2HistoryUsed in WWII in resusciation of haemorrhagic shock but then fell out of practice afterwardsRediscovered by paediatrician James Orlowski visiting India during cholera epidemic, and has been standard of practice in paediatric life support guidelines since 1980’sUsed less widely in adults, but now recommended in some resus guidelines as 1st alternative in difficult IV access in cardiac arrest setting1Central line out of favour in resus setting; ET route gives lower and more variable concentrations1 - Advanced cardiac life support guidelines. Amanagement of cardiac arrest. Circ 2005; 112-IV,
3Science?Access through BV’s in BM held open by rigid non-collapsible bony wall (don’t collapse in shock) which flow into central venous system 3,4Quickly absorbed into systemic circulation - nearly identical to IV (ie. within 1 second) 5, 6Can deliver any blood products / fluids / drugs - including high volumes that can’t be given via ETLasts 24-48hrs3 - Orlowski, JP, Porembka, DO, Gallagher, JM, et al. Comparison study of intraosseous, central IV, and peripheral IV infusions of emergency drugs. AJDC 1990; 144:4 - Hughes, WT, Buescher, ES. Paediatric procedures, 2nd ed. WB Saunders Co 1980:5 - Drinker, CK, Drinker, KR, Lund, CC. The circulation in mammalian bone marrow. Am J Physiology 1922; 62: 1-92.6 - Papper, EM. The bone marrow route for injecting fluids and drugs into the general circulation. Anesthesiology 1942; 3:
4Why?“The Golden Hour” - potential for saving critically ill patients at it’s optimumSignificant numbers don’t receive necessary pre-hospital therapy due to difficult IV access1Access can be achieved in <1min without serious complications assoc with central lines1- Lewis, FRL. Prehospital IV fluids therapy: physiology and computer modeling. J Trauma 1986; 26:
5When?APLS: Recommended technique for access in paediatric cardiac arrest; otherwise recommended if >3 attempts or >1.5mins to gain access in critically ill childQuick IV access in shock, cardiac arrest, trauma, combative, disaster/military medicine, mass casualty scenariosObviously, difficult IV accessPaediatric patients - IV access unobtainable in 6% or more2Can be considered a ‘bridge’ to a central line2 - Rosetti, V, Thompson, RM, Abrahamian C, et al: Difficulty and delay in intravascular access in paediatric patients. Ann Emerg Med 1984; 13: 406.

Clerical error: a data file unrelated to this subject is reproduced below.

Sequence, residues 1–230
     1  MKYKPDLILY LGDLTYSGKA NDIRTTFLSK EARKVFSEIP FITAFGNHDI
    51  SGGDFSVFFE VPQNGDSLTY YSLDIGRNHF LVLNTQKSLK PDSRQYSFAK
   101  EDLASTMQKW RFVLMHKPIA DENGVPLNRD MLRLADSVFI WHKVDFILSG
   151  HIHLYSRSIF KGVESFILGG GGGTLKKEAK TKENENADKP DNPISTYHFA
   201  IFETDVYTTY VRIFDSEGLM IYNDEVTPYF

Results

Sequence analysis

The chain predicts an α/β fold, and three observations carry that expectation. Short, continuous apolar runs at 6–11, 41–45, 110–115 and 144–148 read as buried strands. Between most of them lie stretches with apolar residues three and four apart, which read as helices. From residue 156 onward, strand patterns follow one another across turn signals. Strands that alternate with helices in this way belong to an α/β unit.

6How?Little training required, good success rate (95% or more) in <60secs in most cases1 (central lines take 11-25mins)Only 15% will be conscious, but those will need LA (average pain score on insertion without LA is 2.5/10, or equivalent to insertion of guage peripheral line ); some report significant pain on infusionSuggest initial push of 20-40mg 2% lidocaine (0.5mg/kg paediatric) after insertion to block pressure centres in IO space (not >3mg/kg/24hrs) --> then, after 15-30secs, give 10ml 0.9% saline flushNeed pressure bag - flow rate alters by 69-92ml/min1 - Frascone RJ. Jensen J. Wewerka SS. Salzman JG. Use of the pediatric EZ-IO needle by emergency medical services providers. Pediatric Emergency Care. 25(5):329-32, 2009 May.
7Sites?Proximal tibia - anteromedial surface, 2-3cm below tibial tuberosity, at 90deg to skin but pointing caudally to avoid growth plateDistal tibiaFemoral - anterolateral surface, 3cm above lateral condyle1 - Ong ME. Chan YH. Oh JJ. Ngo AS. An observational, prospective study comparing tibial and humeral intraosseous access using the EZ-IO. American Journal of Emergency Medicine. 27(1):8-15, 2009 Jan.
8Sites? Anterolateral proximal humerus Sternum (not good for CPR), superior iliac crestConfirm placement by aspirating 5mls blood or flushing. Placement successful if sudden give / needle stands alone / fluid flows easilyNo significant difference between infusion rates (humeral vs tibial)1
10Cost? IV line: $3 - 5, although may be multiple attempts IO line: $CV line: $200 for kit, $200 for X-ray; much more costly if gets infectedLess equipment, less personel, less time, quicker treatment, less ICU admissions, less complicationsAccording to website, EZ-IO has small environmental footprint!
11Complications Complications are rare Obese - needle not long enough to reach BM space0.6% rate of osteomyelitis - usually only if prolonged or patient bacteraemic at time of insertion1Others: subcutaneous/subperiosteal infiltration during use, dislodgement, slow flow rate, fracture, compartment syndrome, skin necrosis, clogging of needle (frequent flushes), through-and-through penetration, pneumothorax / vascular injury / mediastinitis if sternal, haematoma, growth plate injuriesContraindicated in: previous sternotomy, fractures above IO site, previous attempt in same leg/site, previous orthopaedic surgery in area of insertion, infection at insertion site, local vascular compromise, osteogenesis imperfecta, osteoporosis1 - Rosetti, VA, Thompson, BM, Miller, J, et al. Intraossesous infusion: an alternative route of paediatric IV access. Ann Emerg Med 1985; 14: